How to embed Twitter streams and prepopulate tweets in your document

It’s holiday season and I’ve been playing with Twitter again. You can do some pretty cool things with it, and it’s surprisingly easy even if you don’t have a wiki. 🙂 Imagine putting other people’s words onto your pages, dynamically, as the people write them. Or having your document suggest a tweet that your reader may like to send.

You may have already seen a bit on this blog about Twitter and technical documentation. In past months I’ve written about our experiments with Twitter using the tools provided by Confluence, the wiki that hosts our documentation. That led me to wonder how easy it would be to integrate Twitter into online documentation that is not hosted on Confluence.

Hence this post. It assumes your documentation is HTML-based. The post is more of a “how to” than a “why on earth would you want to”. But since the latter is also a valid question 😉 I’ve included links to my earlier posts explaining what we’ve found Twitter useful for.

Embedding a live Twitter stream onto a page

You can embed a live Twitter stream onto a web page using HTML and a Twitter widget. Twitter supplies the widgets, which are bits of Javascript and HTML ready-made to your specifications. To make your own widget, go to the Twitter widget builder. There are a few different types of widget that you can build, such as a search widget, a profile widget, a favourites widget, and so on.


  1. Go to the page of Twitter widget builders and pick the widget you want.
  2. Supply the search terms, title and caption as prompted.
  3. Optional: Tweak the colours and other settings.
  4. Click “Finish & Grab Code”.
  5. Copy the code supplied and paste it into your document, blog post or other web page.


I went to the search widget builder and entered the following information:

  • Search Query: “chocolate”
  • Title: “Tweets about”
  • Caption: “Chocolate”

I clicked “Appearance” and tweaked with the colours. Then I clicked “Finish & Grab Code“. The widget builder coughed up some JavaScript in an HTML <script> block, which I copied and put into a very simple HTML wrapper like this:

<h2>Testing my Twitter widget</h2>
<script src=""></script>
new TWTR.Widget({
 version: 2,
 type: 'search',
 search: 'chocolate',
 interval: 6000,
 title: 'Tweets about',
 subject: 'Chocolate',
 width: 250,
 height: 300,
 theme: {
 shell: {
 background: '#8c4ca1',
 color: '#ffffff'
 tweets: {
 background: '#e8c1e8',
 color: '#444444',
 links: '#cf6514'
 features: {
 scrollbar: false,
 loop: true,
 live: true,
 hashtags: true,
 timestamp: true,
 avatars: true,
 toptweets: true,
 behavior: 'default'

I saved it as a text file called “TestTwitterWidget.html”. Here’s what the page looks like when I open it in my browser (Firefox):

Embedding Twitter streams into your documentation

Embedding Twitter streams into your documentation

The above picture is a static image, but the Twitter widget is not static when shown on your page. Instead, the tweets keep rolling downwards as each new one comes in. The widget buffers the tweets and displays them continuously. By default, it will re-display old tweets to keep the display moving. You can configure this behaviour.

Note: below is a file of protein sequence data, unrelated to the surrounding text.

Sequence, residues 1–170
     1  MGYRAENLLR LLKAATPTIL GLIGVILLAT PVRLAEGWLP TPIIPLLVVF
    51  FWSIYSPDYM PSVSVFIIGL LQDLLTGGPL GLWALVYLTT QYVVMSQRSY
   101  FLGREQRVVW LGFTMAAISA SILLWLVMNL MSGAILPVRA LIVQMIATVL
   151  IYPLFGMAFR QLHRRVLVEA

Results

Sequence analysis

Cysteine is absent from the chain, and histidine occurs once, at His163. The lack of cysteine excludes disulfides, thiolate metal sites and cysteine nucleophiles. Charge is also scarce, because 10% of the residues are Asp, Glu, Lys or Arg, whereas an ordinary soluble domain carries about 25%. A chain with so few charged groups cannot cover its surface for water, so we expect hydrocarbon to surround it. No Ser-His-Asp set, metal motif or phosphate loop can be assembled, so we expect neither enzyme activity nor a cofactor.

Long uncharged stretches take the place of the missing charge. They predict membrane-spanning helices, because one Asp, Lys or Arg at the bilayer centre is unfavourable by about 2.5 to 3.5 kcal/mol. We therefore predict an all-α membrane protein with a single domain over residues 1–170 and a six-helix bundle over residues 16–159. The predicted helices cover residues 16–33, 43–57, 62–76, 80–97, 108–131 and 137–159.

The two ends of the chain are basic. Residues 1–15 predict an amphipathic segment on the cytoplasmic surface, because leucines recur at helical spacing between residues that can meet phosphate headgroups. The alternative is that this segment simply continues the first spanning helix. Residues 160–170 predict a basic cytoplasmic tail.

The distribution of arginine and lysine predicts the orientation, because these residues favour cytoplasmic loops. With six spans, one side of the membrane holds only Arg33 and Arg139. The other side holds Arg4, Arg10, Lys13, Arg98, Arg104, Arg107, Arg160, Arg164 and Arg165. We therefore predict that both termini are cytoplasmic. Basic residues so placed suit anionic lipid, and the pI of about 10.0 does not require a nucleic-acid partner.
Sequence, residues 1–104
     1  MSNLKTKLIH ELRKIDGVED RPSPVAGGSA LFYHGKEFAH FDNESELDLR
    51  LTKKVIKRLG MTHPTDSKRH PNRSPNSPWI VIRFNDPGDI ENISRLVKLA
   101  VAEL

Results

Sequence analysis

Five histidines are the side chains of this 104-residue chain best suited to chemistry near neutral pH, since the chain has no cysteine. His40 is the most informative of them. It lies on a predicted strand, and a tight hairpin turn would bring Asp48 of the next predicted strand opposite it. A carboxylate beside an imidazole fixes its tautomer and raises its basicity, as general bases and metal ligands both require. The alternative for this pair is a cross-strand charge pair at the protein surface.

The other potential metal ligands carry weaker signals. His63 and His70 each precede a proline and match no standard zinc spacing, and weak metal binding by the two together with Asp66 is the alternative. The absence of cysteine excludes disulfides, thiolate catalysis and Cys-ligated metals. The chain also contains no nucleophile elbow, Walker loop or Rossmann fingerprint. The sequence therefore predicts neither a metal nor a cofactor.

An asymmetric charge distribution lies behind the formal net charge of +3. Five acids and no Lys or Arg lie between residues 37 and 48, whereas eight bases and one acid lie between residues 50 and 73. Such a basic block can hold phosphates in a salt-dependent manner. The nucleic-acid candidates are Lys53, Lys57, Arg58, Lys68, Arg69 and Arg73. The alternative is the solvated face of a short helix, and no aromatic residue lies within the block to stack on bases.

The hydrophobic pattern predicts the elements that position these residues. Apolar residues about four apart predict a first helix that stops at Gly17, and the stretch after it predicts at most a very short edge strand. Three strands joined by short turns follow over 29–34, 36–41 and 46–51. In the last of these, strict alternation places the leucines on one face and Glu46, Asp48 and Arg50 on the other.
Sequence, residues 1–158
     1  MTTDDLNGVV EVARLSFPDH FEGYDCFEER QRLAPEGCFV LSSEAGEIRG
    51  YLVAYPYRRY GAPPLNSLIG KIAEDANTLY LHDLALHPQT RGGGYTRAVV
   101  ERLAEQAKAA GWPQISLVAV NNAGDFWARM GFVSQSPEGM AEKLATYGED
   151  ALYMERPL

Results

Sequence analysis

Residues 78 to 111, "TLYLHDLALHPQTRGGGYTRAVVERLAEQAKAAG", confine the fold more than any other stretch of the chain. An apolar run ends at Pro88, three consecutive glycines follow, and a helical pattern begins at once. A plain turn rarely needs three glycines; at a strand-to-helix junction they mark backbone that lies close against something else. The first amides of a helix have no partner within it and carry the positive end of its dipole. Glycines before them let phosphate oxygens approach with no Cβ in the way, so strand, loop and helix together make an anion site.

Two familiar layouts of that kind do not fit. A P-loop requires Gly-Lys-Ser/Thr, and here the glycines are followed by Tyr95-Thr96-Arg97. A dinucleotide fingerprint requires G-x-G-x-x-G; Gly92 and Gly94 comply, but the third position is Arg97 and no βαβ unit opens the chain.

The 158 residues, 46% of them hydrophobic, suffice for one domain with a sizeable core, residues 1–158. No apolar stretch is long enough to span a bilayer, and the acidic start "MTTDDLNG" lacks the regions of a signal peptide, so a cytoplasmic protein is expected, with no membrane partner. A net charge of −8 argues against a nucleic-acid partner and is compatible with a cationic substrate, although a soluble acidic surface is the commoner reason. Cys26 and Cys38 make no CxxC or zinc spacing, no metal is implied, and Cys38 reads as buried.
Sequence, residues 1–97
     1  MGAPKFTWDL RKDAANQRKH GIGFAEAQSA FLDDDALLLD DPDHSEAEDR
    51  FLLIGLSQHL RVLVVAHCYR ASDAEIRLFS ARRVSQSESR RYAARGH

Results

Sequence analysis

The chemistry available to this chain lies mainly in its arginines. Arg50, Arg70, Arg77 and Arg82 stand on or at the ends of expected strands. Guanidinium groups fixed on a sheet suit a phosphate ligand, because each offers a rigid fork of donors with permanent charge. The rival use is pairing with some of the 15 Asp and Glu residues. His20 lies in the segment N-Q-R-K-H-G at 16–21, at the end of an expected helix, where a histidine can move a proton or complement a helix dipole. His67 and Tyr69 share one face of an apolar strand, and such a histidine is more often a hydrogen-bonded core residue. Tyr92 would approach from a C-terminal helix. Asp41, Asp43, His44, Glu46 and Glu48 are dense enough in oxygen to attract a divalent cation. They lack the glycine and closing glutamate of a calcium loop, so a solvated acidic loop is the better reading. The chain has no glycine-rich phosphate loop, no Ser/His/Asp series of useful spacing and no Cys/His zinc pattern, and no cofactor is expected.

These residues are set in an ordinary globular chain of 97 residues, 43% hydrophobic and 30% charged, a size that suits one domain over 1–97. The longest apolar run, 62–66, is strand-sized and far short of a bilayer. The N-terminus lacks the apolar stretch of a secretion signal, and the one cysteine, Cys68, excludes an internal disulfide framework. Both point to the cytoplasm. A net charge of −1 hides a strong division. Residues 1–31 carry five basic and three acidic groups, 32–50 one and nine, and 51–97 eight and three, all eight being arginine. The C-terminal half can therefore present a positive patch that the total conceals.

The search I used above is very simple. Twitter offers more advanced search criteria, so that you can display the tweets that are relevant to your documentation. One of the most useful searches is to select tweets containing a given key word or hash tag.

What if you don’t have access to the raw HTML of your document?

Some content management systems and other platforms supply a way of safely incorporating a widget into a web page, even if they don’t give you access to the raw HTML.

  • On Confluence wiki, use the Widget macro.
  • WordPress offers a number of Twitter plugins.
  • I don’t know the details of other platforms. Let me know if you do.

How could a Twitter stream be useful in technical documentation?

One way is to encourage people to tweet hints and tips about your product, and then publish a live Twitter stream on a page in the documentation so that readers can benefit from each others’ ideas. I wrote a post about our experiments with hints and tips via Twitter.

Suggesting the words for a tweet, with prepopulated tweets

It can be fun and/or useful to give your readers something to say and encourage them to say it in a public forum like Twitter. This gives them the opportunity to involve their community, their followers, in what they’re doing and in your product or documentation. It’s even better if they have the option of using the words you suggest, changing those words or deciding not to use them at all.

You can set up a hyperlink for people to click, that will open Twitter in their web browser and put some words into their Twitter message. If they haven’t yet logged in, Twitter will prompt them to log in. They can choose to edit the words, or just leave them as they are. They then send the tweet by clicking Twitter’s “Tweet” (or “Update”) button as usual.


  1. Add an HTML link on your documentation page, pointing to the reader’s Twitter “home” page.
  2. Specify a “status” parameter in the URL, containing your suggested text.


<a href=" world">
Say hallo to the twittersphere

Here it is as a link – click it to see it in action:

Say hallo to the twittersphere.

URL-encoding special characters in prepopulated tweets

If your message includes funny characters, such as a # sign, then you will need to URL-encode the message. For example, if you wanted to prepopulate a tweet with “Hallo world #testing” you would use this code: